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Code doesn’t require public restrooms in older downtown businesses


community issues





The City of Elizabethton is considering expanding the downtown business district. There are a variety of stores and shopping opportunities for all ages. However, locating a public restroom in downtown Elizabethton to use has been a concern of parents with small children for some time now.

In the 1960s, there were more public restrooms along East Elk Avenue and East E Streets in downtown Elizabethton than exist today. They were provided by the larger stores and businesses, such as Sterchi’s, Watson’s, J.C. Penney, Western Auto, Burgie Drug Store, C.B. Johnson Furniture Store, Montgomery Ward, Parks-Belk, H. S. Kress & Co., Eagles, Ritchie’s, Citizens Bank, Carter County Bank, Elizabethton Federal Savings Bank, Carter County Motor Company and the Trailways Bus Station, among others.

Many of these stores in downtown Elizabethton either have closed, been sold, moved to shopping centers or strip malls or have been torn down, such as the Trailways bus station. However, some remain in the former locations, such as Carter County Bank and Elizabethton Federal Savings Bank, which have been renovated.

Government facilities, including Elizabethton City Hall, the former Elizabethton Electric System building, the U.S. Post Office now occupied by the Elizabethton Public Library and Elizabethton Police Departments, the former Chamber of Commerce and Franklin Clinic, all located on Sycamore Street, provided public restrooms.

In essence, shopping in downtown Elizabethton today has taken on a new dimension from its heyday 54 years ago. Code requirements in providing public restroom facilities in the downtown business district have also changed.

According to City of Elizabethton Planning and Development Director Jon Hartman, and Chief Building Official Robert Montgomery, Section 2902.4 of the International Building Code and Section 403.4 of the International Plumbing Code (both of which the city has adopted) does require that all new businesses have restroom facilities.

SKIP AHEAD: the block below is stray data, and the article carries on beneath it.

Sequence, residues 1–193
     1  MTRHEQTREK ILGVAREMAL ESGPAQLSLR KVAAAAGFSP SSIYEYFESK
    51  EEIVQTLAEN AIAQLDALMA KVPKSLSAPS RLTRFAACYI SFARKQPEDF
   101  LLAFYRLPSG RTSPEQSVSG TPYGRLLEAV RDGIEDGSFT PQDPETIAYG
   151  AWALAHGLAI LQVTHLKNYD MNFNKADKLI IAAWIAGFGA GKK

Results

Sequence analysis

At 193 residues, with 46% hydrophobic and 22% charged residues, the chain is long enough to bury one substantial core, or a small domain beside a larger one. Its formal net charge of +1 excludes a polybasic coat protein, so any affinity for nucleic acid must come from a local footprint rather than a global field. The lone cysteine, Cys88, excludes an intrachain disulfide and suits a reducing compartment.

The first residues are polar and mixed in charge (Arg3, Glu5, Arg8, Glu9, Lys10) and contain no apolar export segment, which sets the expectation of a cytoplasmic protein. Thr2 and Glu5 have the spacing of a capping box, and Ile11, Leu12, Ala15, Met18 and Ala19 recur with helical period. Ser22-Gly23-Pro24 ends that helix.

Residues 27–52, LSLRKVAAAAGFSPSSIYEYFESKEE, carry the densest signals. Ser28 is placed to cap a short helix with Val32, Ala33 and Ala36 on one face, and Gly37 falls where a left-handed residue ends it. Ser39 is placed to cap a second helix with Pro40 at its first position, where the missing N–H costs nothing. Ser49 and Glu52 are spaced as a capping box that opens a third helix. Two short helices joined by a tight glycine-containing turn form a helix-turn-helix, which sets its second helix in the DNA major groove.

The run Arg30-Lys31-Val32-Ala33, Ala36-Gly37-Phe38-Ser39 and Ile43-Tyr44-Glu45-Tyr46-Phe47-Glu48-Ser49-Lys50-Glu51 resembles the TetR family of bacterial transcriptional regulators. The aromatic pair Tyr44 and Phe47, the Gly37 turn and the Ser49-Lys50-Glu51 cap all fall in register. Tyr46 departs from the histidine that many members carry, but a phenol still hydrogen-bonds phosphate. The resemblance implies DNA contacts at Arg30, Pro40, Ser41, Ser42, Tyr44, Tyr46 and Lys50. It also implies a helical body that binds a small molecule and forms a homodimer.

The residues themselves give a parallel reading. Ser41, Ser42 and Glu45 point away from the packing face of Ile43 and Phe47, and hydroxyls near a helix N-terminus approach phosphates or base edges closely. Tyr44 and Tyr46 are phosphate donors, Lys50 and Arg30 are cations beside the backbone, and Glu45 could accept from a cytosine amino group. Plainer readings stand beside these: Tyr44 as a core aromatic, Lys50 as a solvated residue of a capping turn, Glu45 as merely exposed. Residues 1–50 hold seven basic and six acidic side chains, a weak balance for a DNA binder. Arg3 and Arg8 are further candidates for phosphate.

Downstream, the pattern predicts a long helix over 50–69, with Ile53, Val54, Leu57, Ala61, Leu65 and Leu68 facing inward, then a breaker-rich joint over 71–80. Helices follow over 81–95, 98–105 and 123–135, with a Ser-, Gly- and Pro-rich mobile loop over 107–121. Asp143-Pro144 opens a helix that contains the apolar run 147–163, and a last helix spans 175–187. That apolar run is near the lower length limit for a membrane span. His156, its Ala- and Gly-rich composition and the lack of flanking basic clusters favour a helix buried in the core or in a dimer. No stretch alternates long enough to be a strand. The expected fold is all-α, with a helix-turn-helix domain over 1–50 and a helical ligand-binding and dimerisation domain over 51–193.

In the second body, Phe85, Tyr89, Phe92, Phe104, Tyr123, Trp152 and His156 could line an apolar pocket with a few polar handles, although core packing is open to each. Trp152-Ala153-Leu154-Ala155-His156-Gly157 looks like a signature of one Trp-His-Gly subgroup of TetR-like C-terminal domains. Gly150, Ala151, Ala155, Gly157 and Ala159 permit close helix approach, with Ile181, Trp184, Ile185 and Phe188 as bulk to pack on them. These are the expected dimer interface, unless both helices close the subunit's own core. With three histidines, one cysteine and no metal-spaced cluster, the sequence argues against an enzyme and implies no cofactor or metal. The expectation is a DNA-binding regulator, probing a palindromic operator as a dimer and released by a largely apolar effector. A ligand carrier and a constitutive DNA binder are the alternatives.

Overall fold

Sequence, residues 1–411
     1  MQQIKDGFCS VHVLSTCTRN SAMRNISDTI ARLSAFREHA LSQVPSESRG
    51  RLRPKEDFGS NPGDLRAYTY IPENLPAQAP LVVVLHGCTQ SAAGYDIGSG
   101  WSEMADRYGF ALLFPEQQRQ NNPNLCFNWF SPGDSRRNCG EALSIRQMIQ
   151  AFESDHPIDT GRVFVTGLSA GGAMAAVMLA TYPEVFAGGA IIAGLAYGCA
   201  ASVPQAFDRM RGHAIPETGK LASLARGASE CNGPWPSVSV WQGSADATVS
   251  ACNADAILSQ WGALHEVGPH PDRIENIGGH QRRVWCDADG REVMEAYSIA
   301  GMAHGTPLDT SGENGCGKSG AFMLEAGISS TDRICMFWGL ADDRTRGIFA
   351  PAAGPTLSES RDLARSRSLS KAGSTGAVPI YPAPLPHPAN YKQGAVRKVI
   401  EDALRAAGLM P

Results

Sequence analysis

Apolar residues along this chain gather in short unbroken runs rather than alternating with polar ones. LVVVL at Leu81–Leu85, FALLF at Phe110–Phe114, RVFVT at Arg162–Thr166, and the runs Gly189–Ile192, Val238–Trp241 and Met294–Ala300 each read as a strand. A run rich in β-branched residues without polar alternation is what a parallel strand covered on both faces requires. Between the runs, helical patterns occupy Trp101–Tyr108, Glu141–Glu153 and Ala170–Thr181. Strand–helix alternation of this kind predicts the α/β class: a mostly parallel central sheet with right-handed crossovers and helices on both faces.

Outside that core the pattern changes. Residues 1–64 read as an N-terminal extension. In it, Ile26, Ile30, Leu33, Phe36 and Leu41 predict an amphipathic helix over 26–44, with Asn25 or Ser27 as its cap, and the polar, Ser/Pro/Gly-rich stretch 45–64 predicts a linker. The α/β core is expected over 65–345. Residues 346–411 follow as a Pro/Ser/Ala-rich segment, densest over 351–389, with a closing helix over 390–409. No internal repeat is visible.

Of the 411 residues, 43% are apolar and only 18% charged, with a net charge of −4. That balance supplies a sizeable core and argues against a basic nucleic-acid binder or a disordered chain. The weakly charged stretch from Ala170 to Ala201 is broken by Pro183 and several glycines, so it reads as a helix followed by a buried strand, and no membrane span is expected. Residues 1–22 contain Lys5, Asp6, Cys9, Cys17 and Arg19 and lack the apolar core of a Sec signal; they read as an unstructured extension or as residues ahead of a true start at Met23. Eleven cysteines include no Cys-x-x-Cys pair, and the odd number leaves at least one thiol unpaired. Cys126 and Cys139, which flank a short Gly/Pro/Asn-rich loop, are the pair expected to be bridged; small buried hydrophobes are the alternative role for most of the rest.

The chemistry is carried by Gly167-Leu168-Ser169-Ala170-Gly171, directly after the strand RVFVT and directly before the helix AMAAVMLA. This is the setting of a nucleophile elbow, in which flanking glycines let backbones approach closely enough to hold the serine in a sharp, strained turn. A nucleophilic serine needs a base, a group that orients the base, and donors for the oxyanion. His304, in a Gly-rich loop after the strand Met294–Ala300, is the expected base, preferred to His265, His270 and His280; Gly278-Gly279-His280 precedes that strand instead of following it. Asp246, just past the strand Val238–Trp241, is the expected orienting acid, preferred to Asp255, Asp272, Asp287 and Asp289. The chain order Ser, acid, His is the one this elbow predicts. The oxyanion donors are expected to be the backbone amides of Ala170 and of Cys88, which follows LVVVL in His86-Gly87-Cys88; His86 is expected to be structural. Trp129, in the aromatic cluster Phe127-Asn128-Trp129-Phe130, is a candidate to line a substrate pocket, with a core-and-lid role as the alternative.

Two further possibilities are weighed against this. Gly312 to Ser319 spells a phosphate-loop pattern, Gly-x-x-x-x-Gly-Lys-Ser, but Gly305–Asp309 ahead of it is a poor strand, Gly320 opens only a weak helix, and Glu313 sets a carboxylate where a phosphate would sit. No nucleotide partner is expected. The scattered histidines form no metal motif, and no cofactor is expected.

“Customers, patrons and visitors shall be provided with public toilet facilities in structures and tenant spaces intended for public utilization. Again, this only applies to businesses in newly constructed buildings and does not apply to businesses in existing buildings which do not have public restroom facilities,” the two said.

There are, however, extenuating circumstances in which a business must allow the public to use whatever restroom facilities are available, even if they are employee-only.

In 2008, the Tennessee State Legislature adopted Public Chapter 864 titled the “Restroom Access Act.” This public act requires a business in existing buildings, which do not currently have public restrooms, to allow a member of the public to use their restroom facilities.

According to the Act, “A retail establishment that has a toilet facility for its employees shall allow a customer to use that facility during normal business hours if all of the following conditions are met:

(1) The customer requesting the use of the employee toilet facility suffers from an eligible medical condition or utilizes an ostomy device.

(2) Three (3) or more employees of the retail establishment are working at the time the customer requests use of the employee toilet facility.

(3) The retail establishment does not normally make a restroom available to the public.

(4) The employee toilet facility is not located in an area where providing access would create an obvious health or safety risk to the customer or an obvious security risk to the retail establishment.

(5) A public restroom is not immediately accessible to the customer.”

By law, these are the only requirements for older, existing buildings in downtown Elizabethton to open up their restrooms to the public. For additional information, contact Hartman or Montgomery at Elizabethton City Hall, telephone (423) 542-1508.

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